Buyers will have a harder time affording homes, especially their first one
Home price appreciation will reach its fastest pace since the Great Recession, as the inventory crunch continues to pit buyers against each other, competing for a scarce number of homes for sale, and we expect home price appreciation to exceed 10% at points in 2021. Price gains are being driven by the fundamentals of supply and demand: Many would-be sellers are sidelined by anxiety and uncertainty, cumulative new home construction over the last decade has been low, and limited supply is being met by a surge in demand from aging millennials and a wave of other buyers reassessing their housing needs. The pandemic may have accelerated that move for some buyers, but that doesn’t mean a vaccine would send the trend into reverse.
Mortgage payments have become more affordable for homeowners over the past two years thanks to ultra-low mortgage rates. But we expect rapid price growth and slightly higher mortgage rates to reverse that trend in 2021. The anticipation of rising economic growth and rebounding inflation in a vaccinated world economy is already helping 10-year Treasury yields begin to rise out of the doldrums, and mortgage rates are likely to follow if that trend continues. Slightly higher rates would make the argument for ownership a little less compelling for some buyers, but in most of the country it will remain true that homeownership is an attractive financial bargain compared to renting. Don’t expect a few more basis points on 30-year mortgage rates to bring demand crashing to a halt, but it may end up pricing out some buyers already struggling to get onto the homeownership ladder — especially for first-time buyers who don’t have access to funds from the sale of their current home.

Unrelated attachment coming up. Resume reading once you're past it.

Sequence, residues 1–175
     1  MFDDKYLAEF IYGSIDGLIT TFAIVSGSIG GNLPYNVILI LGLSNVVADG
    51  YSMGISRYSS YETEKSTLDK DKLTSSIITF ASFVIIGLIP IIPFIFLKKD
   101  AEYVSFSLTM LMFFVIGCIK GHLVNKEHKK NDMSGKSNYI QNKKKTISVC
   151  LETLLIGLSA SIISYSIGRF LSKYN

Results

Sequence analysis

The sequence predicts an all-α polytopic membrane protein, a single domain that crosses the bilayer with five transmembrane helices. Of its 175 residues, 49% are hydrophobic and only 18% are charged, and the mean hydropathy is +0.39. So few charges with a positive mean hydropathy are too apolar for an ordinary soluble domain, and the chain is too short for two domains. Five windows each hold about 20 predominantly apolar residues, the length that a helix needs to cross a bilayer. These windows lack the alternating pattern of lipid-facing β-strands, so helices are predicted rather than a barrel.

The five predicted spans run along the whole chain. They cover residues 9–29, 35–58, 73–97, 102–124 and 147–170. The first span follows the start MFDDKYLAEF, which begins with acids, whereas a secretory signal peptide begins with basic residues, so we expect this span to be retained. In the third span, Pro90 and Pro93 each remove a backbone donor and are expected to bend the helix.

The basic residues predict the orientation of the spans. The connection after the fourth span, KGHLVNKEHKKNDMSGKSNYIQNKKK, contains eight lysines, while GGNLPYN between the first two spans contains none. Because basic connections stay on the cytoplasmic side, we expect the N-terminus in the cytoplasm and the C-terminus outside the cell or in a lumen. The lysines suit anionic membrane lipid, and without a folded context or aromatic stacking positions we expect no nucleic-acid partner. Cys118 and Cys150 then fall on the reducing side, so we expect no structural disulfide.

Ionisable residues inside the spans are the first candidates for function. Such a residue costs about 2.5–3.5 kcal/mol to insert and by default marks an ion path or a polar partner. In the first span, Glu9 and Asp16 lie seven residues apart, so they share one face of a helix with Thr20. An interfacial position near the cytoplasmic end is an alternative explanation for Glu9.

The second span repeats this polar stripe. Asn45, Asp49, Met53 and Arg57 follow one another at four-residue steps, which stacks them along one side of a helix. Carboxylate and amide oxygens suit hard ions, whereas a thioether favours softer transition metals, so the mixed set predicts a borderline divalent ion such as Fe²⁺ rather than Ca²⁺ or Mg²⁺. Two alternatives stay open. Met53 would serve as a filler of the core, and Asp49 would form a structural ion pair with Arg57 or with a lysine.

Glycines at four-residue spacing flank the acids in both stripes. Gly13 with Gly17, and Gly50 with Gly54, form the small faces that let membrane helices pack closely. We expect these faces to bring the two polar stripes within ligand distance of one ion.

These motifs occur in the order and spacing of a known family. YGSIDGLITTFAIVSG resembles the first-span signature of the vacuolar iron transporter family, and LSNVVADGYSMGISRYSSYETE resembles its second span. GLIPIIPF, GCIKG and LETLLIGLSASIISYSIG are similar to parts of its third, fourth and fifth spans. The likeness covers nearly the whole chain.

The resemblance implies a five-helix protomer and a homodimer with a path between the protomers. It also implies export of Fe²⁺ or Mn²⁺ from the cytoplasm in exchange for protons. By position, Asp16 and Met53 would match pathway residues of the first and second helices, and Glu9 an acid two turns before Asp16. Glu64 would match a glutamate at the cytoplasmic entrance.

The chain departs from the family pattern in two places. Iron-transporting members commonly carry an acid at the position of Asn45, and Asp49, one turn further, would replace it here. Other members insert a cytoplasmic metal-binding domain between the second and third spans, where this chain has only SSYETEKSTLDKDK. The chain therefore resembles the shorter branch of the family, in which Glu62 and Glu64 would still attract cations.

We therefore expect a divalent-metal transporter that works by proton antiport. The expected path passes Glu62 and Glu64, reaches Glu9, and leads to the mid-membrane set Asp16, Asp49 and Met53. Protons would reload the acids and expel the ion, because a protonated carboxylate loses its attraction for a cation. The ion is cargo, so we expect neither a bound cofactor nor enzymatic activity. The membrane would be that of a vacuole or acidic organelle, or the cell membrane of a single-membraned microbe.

Addressing housing vulnerability will be a top priority as rent prices rise
We expect a rental market resurgence in 2021, with rents increasing, concessions offered by landlords fading and demand for rental housing strengthening.
The rental market softened in 2020, with rents effectively unchanged nationwide from January 2020. And in large metropolitan areas like New York, Boston, and San Francisco, rents for the typical renter actually dropped for the first time in recent memory. COVID-driven anxiety about living in large, multifamily housing properties in dense urban centers was a primary driver of the rental market softening, but we expect this trend to reverse in 2021. With a vaccine on the horizon and Gen Z continuing to graduate from college, we expect the cloud of uncertainty to lift and demand for rental units to surge.
In addition to increased demand, landlords may also attempt to make up for lost revenue by aggressively raising prices. Renters were disproportionately impacted by pandemic-related job losses and furloughs, and missed rent payments were certainly felt by landlords. In 2021, these payments could be capitalized into existing rental agreements, further goosing rent growth, with landlords increasing prices and effectively serving as private lenders to tenants while they work their way out of COVID rental debt. Almost 12 million renters will owe an average of $5,850 in back rent by January 2021, according to Moody’s Analytics. If landlords allowed renters to repay that debt interest free over a period of 3 years by increasing monthly rents, these 12 million renters would pay an additional $162.50 in rent each month. Typical renters paid $1,728 in rent in November 2020, according to the Zillow Observed Rental Index (ZORI). Increasing rents by $162.50 would represent a 9.4% increase for the typical renter.